Stephen Fry and Ian McKellen pay to save The Hobbit pub from trademark trolls

You've probably heard that an old pub called The Hobbit in Southampton is under threat from the film company that controls the licensing for the Tolkien canon. After a public outcry, the company agreed to sell the pub a license to go on using the name it has had for decades. Stephen Fry and Ian McKellan -- who are both in the Hobbit movie (Fry is in NZ right now, shooting) -- decided that this was stupid, so they've paid the license fee themselves.

She said: "I had a telephone call on Saturday evening, while we were trading, from Stephen Fry's business partner and manager. That's when he told me.

"I was very shocked.

"They've said as soon as they finish filming they would like to come down and visit the pub."

...Sir Ian, who plays Gandalf in the Lord Of The Rings films, described the film company's actions as "unnecessary pettiness" and Fry said it was "self-defeating bullying".

Hobbit pub copyright row: Stephen Fry and Ian McKellen to pay licence (via Techdirt)

Update: Simon Phipps writes, "The Hobbit is one of my locals, and I thought you'd like some background. I wrote about the case here. While the pub has existed for a long time, The Hobbit started opportunistically abusing their movie-related paraphernalia a while back and has been trading on it for years without seeking permission - presumably because someone there knew they'd never get it. They could have commissioned their own artwork but they didn't. Far from it being a case of a bully acting improperly, I think actually Zaentz acted uncharacteristically well here. This wasn't about the pub calling itself 'The Hobbit' primarily, it was about ripping off movie stills and using them for advertising. They challenged that abuse and then offered an amazingly easy settlement. Meanwhile, instead of any sign of a mea culpa, some people have been wildly slandering Zaentz. Given how much the law sucks and is being weaponised, I think we should be encouraging previously abusive companies like Zaentz to act this generously in future."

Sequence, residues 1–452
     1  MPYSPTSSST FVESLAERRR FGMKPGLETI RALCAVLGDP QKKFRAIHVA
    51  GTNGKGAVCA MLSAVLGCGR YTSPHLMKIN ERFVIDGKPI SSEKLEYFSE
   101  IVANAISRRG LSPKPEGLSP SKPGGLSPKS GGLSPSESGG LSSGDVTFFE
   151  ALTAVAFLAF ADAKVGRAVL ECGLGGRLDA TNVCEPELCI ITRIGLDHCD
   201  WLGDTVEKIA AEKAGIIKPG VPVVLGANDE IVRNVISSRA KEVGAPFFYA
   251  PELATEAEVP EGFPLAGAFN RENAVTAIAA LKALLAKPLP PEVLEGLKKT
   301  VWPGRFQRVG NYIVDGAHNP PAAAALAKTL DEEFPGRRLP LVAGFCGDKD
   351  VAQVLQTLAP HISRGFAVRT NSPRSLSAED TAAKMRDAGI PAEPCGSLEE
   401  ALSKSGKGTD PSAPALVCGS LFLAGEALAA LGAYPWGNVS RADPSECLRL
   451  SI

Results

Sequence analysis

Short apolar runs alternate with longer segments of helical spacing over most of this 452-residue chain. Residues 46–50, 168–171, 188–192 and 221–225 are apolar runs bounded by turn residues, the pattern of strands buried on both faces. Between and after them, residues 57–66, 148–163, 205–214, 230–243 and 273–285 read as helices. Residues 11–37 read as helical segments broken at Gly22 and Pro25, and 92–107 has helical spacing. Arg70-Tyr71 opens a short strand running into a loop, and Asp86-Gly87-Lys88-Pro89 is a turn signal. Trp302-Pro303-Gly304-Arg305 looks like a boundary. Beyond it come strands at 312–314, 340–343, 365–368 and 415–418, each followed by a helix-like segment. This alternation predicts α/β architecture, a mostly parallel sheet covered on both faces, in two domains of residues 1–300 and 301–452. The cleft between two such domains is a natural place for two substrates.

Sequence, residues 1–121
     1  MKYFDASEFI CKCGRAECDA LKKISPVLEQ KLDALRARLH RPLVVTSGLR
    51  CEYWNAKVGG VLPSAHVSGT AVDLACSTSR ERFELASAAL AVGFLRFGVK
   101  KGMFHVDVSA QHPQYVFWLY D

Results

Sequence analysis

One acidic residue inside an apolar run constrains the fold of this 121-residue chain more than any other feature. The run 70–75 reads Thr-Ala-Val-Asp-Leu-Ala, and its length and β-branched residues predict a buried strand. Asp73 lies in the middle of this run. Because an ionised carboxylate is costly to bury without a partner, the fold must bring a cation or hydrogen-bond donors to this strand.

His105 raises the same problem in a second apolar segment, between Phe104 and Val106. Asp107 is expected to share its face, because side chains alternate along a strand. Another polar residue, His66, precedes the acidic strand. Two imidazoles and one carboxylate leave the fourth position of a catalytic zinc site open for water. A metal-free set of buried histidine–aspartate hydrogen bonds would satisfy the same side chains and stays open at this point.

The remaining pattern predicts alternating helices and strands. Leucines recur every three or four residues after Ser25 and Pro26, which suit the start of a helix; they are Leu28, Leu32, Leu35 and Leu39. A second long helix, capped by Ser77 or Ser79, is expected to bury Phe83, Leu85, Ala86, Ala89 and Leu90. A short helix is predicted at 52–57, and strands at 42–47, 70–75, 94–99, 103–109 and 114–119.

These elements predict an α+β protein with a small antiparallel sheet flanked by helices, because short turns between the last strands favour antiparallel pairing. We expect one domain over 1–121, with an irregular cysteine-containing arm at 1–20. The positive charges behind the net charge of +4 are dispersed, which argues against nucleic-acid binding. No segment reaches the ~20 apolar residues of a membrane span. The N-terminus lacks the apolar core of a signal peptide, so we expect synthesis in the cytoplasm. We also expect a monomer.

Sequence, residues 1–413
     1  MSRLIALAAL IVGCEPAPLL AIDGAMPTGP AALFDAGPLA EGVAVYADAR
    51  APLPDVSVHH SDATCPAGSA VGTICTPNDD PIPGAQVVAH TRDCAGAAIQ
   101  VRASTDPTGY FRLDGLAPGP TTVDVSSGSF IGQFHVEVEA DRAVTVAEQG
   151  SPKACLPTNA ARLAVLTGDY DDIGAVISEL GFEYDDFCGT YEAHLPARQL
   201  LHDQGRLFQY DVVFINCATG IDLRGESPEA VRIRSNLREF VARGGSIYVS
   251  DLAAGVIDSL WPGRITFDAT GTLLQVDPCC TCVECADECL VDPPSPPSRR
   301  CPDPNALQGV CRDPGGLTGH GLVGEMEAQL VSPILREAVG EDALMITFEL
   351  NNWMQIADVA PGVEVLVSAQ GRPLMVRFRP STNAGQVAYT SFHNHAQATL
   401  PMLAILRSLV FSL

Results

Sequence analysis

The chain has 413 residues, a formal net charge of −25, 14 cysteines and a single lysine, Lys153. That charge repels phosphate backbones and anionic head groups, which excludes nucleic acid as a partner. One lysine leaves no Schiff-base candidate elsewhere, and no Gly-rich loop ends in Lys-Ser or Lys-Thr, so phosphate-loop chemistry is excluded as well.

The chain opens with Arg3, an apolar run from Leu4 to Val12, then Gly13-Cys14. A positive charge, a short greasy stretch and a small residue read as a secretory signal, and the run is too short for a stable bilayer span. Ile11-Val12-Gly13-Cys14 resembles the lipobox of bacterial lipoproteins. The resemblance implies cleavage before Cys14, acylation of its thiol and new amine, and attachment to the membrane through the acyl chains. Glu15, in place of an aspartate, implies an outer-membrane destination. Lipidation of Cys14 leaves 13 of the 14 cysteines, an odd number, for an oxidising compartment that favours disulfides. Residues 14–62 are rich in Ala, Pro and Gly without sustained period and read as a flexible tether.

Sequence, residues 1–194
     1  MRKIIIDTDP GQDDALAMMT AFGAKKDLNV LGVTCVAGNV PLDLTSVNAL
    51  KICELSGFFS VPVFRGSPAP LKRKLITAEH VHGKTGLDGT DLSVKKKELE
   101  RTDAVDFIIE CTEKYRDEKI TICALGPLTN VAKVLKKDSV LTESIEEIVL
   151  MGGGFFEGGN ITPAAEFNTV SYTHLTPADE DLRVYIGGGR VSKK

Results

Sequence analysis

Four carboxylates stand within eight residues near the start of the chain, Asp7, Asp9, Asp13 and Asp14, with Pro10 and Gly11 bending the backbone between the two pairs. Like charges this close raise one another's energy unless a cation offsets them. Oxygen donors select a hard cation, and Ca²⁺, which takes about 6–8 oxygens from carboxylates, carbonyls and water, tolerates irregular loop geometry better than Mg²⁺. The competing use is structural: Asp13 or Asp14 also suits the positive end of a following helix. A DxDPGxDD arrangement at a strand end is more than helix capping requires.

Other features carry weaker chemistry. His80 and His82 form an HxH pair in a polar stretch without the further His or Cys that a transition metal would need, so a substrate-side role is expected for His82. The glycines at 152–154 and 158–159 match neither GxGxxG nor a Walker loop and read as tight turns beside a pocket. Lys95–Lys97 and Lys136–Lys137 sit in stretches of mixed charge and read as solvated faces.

1. Isn’t there a “laches” defense when somebody has been using a name for a long time, where they can continue the use even if it was technically infringing, because the trademark owner never objected earlier?

    1. Trademark and copyright are, generally, two different things. You have to defend your trademark or lose exclusive rights to it. Copyright you can sell, rent, or give away without effecting other uses of it. (As I understand it, IANAL, etc.)

  2. I certainly hope Mr. Fry is as generous with the lawsuit currently pending against my shop, “Mr. Sound of a Lighter Being Dropped on a Counter’s Coffee Counter and Law School Emporium”.

    1. Now wait a moment. I thought that was spelled Mr. NIPPL-E. That’s a HYPHEN there before the E. Very important, you know.

  3. I hope this gets sorted. I’d quite like to see the film and boycotting it in defense of a pub I’ve never been to doesn’t sit well with me.

  4. I’m surprised the pub has gotten a pass from the Tolkien estate!

    Personally, I’d rather see these two wonderful gentlemen pay for legal representation on pub’s behalf; paying the license fee just tells the film company that trolling is a productive business plan.

  5. It was nice of them to pay it for the pub, but at the same time they should never have had to pay for the licence in the first place. I hope the Tolkein estate is happy that they’ve made a few more dollars desecrating the corpse of J.R.R.

    1. I hope the Tolkein estate is happy

      The pub’s been doing business for 20 years without the Tolkien estate getting involved.  It’s the lidless eye of Hollywood that’s caused the problem.

  6. “Unnecessary Pettiness”.  Bingo, Mr McKellen.
    But taking a step further, these petty companies with their petty lawyers, a misguided version of game theory, zero-sum game, seem to see no context but their own, and will only twist the wrist when it’s about bad PR.

    “But we have the exclusive right to use this word!  The law is on our side here, why don’t people understand?”  Sure, there’s a signed piece of paper somewhere, that tilts the law in your favor.  Please be a jerk about it.

    And still the idiots in this industry wonder why people were angry about SOPAPIPA and whatnot.

    1. Further thoughts on the matter, now that I mentioned game theory.

      Schizophrenic mathematician John Nash had an experiment which he called “Fuck You, Jack”, based on the expectation that, when given a chance, people would always be nasty and petty with each other, but they weren’t.

      Every single day we are given evidence that corporations meet the “Fuck You, Jack” expectations of Mr Nash.  While the individuals within the corporation remain nice and civil with each other and others, in daily life.  What the company does “Is not me.  It’s just, you know, business”.